Riding the Bullet

Year: 2004
Production Co: Motion Picture Corporation of America
Director: Mick Garris
Producer: Mick Garris
Writer: Mick Garris/Stephen King
Cast: David Arquette, Cliff Robertson, Barbara Hershey, Erika Christensen, Matt Frewer
Longtime King adapter Garris has made a good-looking film but suffers as most Stephen King adaptations do for two reasons. The first is that in focusing on the action (because by their nature films can't focus on the character's points of view) a lot of it comes off as slightly silly, like the device of Alan having an invisible double that advises him like a disembodied Jiminy Cricket.

The other reasons is the same many King-inspired films suffer from. Trying to make a 90 minute movie out of it means a whole lot of stuff has to be flung about to fill the running time that moves too far away from the kernel of King's idea.

In this case, it takes the idea that Staub is a sort of archangel sheperding people to the next world and makes it more like The Shining, where Alan's receptive to the horrible visions and strange happenings that plague him along the highway and Staub is just one of them.

Receiving word that his mother's in hospital after a stroke, hippy-era college student Alan decides to hitch hike straight up to Lewiston to see her. He gets a few rides from assorted weirdos and sees a lot of nasty things that make him questions his sanity, but it's not until he comes across the stereotypical misty roadside cemetery that things turn for the worse and the story kicks into the gear you're waiting for.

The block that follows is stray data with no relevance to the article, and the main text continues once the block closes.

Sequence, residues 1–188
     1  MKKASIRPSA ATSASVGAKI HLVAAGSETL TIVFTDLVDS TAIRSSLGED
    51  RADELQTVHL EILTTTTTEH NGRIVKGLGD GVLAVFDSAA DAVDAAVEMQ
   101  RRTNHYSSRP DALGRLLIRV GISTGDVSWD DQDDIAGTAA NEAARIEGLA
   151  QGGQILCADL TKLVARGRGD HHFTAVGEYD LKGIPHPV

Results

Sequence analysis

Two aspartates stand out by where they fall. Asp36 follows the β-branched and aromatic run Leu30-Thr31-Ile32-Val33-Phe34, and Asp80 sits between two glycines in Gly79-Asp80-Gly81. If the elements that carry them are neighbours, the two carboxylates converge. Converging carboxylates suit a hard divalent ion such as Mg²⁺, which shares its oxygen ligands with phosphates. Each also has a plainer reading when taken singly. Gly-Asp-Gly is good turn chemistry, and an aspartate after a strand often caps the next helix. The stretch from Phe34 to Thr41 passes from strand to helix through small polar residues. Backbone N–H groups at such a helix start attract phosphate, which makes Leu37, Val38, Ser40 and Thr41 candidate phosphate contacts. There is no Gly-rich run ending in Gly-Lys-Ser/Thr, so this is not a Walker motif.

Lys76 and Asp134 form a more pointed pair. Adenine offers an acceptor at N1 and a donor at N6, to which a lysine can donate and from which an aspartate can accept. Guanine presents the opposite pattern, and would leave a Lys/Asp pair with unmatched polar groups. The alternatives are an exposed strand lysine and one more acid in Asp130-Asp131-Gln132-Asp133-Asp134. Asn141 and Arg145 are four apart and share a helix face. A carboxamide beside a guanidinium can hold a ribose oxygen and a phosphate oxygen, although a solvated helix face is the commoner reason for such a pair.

After seeing Staub's grave, Alan gets into the next car that comes along, driven by Staub himself. He offers Alan a choice; either he or his mother must die, and it's up to Alan to choose who it's going to be.

There are a lot of themes about ageing, dying, loving and when it's our turn to move on ('riding the bullet' - going on a roller coaster that scared Alan too much as a kid - is an analogy for dying). But the themes are just shoehorned into the action and plot, not seeming to say too much, and I think the screenwriter was searching for more depth than King intended. I get the feeling the latter just wanted a simple tale about a haunted highway.

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